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Wedding Video, The


Stars: Rufus Hound, Robert Webb, Lucy Punch, Miriam Margolyes, Harriet Walter, Michelle Gomez, Cara Horgan, Felicity Dean, Julianne White, Clare King, Angus Barnett, Alexis Zegerman, Sophie Ellis

Director: Nigel Cole

Director Nigel Cole and screenwriter Tim Firth gave us Calendar Girls.

For my money this unpretentious but enjoyable comedy is rather more fun, since this time around the creators are not bound by homage to real life characters and situations, nor are they bound by inherent good taste in presenting their skewed story of a posh society wedding in Wilmslow in Cheshire, referred to as “The Beverly Hills of the UK”.

TV star Hound is a good choice for the freewheeling oaf chosen by his about-to-be-married brother Webb to be his best man for his wedding to Punch, who continues to prove herself to be a fine comic actress she is after holding her own against scenery-chewing Cameron Diaz in Bad Teacher and, even more impressively, surviving the disaster that was Woody Allen’s You Will Meet a Tall Dark Stranger.

Hound’s gift to the bride and groom is to be the video he films of the run-up to the nuptials and the wedding. This forms ‘found footage’ which, for once in recent films, really works, in – along with scenes filmed by a professional video maker brought in by bride’s mother Walter – creating the final film we see.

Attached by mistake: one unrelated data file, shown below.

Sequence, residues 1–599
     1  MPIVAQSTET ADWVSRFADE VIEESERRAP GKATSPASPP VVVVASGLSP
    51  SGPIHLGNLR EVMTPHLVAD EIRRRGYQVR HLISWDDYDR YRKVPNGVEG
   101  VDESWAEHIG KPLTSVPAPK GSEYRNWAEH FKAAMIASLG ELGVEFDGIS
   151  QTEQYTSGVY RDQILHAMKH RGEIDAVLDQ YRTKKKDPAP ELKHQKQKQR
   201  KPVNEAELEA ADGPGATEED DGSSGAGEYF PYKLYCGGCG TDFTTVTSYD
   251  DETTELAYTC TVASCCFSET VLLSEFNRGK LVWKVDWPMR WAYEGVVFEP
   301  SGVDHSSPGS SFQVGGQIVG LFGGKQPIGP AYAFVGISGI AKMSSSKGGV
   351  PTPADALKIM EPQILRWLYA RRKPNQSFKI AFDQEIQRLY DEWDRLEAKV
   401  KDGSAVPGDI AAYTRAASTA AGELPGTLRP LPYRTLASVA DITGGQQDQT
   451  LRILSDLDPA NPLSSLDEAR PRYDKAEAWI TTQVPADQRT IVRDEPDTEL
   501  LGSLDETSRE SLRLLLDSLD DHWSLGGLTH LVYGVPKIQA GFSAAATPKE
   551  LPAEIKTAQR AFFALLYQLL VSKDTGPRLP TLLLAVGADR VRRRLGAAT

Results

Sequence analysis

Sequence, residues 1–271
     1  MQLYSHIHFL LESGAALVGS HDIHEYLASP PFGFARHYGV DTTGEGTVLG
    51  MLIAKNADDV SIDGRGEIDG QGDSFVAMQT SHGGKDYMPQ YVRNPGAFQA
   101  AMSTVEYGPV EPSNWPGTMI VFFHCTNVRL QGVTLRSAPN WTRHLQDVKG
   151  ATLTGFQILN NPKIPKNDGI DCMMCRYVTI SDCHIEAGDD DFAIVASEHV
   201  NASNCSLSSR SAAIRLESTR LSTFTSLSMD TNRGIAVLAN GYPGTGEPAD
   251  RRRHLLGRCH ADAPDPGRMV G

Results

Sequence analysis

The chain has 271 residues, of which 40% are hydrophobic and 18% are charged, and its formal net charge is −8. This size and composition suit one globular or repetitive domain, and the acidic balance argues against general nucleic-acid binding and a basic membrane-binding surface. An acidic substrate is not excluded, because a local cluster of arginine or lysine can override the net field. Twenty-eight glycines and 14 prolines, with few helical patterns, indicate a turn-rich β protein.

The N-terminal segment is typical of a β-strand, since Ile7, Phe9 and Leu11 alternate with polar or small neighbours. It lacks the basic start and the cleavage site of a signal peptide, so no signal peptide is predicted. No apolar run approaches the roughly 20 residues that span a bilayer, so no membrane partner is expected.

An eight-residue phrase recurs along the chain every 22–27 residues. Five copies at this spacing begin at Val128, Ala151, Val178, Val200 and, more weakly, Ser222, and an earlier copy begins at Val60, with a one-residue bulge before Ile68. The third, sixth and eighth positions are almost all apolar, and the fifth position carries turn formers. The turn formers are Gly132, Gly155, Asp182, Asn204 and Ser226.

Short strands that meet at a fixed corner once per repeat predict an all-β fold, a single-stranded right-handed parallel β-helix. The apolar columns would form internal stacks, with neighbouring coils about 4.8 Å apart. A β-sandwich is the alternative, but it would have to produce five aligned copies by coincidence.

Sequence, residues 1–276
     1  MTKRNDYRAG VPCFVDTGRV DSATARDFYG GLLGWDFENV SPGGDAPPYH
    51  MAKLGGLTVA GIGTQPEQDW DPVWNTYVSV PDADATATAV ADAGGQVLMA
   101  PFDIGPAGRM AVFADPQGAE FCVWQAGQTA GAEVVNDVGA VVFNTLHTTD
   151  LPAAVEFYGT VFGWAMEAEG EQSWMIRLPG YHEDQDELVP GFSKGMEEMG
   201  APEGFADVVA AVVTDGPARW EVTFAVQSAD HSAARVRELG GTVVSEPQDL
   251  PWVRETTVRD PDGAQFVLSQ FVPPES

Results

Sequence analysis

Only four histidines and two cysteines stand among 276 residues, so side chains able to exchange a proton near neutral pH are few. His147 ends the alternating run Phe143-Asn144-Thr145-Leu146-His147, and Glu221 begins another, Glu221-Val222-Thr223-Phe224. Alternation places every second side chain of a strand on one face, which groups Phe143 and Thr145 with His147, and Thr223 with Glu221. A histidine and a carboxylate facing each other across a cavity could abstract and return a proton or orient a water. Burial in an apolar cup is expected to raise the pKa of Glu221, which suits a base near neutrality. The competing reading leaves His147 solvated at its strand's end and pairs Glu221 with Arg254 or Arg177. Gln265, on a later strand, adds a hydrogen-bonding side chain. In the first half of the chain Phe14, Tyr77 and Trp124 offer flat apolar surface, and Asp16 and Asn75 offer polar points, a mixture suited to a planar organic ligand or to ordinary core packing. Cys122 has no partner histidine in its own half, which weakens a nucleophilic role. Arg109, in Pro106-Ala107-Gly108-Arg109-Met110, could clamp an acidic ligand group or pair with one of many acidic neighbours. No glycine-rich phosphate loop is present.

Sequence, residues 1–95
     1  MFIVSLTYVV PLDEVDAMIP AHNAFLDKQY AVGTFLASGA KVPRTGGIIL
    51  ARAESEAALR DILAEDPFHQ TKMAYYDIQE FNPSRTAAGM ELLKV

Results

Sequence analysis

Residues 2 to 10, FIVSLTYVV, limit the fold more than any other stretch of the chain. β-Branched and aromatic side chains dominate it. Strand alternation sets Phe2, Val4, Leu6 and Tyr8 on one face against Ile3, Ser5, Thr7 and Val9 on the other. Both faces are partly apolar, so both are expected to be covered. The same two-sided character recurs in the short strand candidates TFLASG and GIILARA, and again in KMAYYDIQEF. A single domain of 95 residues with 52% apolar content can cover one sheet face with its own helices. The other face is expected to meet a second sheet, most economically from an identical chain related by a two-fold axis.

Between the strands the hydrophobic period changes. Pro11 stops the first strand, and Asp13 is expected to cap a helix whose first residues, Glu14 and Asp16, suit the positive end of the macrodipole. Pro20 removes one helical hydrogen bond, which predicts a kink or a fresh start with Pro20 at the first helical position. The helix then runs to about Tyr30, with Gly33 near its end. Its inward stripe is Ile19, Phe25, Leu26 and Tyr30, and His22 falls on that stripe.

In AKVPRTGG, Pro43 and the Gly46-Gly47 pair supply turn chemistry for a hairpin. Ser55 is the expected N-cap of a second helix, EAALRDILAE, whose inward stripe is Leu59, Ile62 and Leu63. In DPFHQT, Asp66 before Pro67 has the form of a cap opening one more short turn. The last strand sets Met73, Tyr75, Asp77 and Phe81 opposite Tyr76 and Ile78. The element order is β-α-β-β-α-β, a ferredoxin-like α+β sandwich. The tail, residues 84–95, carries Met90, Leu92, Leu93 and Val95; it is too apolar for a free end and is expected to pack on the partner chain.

The first line “It all sounded so bloody simple” effectively sets the tone for the cheerful blend of comedy of embarrassment and out-and-out farce that follows, expertly played by a very well-chosen cast.

Hound, whose life becomes complicated when he realises he once knew and fancied Punch and Webb are very funny and (often disturbingly in the case of Hound) make a welcome comedy team

Walter is splendid as the snobbish mother of the bride, Margolyes is sharp and sour as Punch’s grandmother, recalling the heyday of Great British character actors (and what a pleasure it was not to have to watch her trapped in the money machine that was the ‘Harry Potter’ films).

Small roles, too, are neatly cast with Barnett’s vicar (“Are you both virgins?”) making a memorable appearance. Good gags, high and low, come thick and fast, there’s an all-too-credible drink-sodden stag night, and snobbish Cheshire society is given an amusing going over.

Add an hilarious wine-tasting, a neurotic wedding planner whose past as an air stewardess emerges to haunt her and make us laugh, and a comic tour around a stately home in search of a suitable wedding venue, plus delightfully daffy dialogue and a good time should be had by all looking for a good time at the cinema.

I found myself smiling almost all the time and much of it was laugh aloud funny too. These days too few British-made comedies manage to hit their target as entertainingly as this one and with such a pleasurable lack of intellectual-smooching pretentiousness.

(And Firth deserves a commendation for coming up with the memorable definition of 'compassion' as "Nature’s way of helping ugly men find partners").

Alan Frank

UK 2012. UK Distributor: Entertainment Film Distributors. Colour.
94 minutes. Not widescreen. UK certificate: 15.

Guidance ratings (out of 3): Sex/nudity 0, Violence/Horror 0, Drugs 0, Swearing 2.

Review date: 17 Aug 2012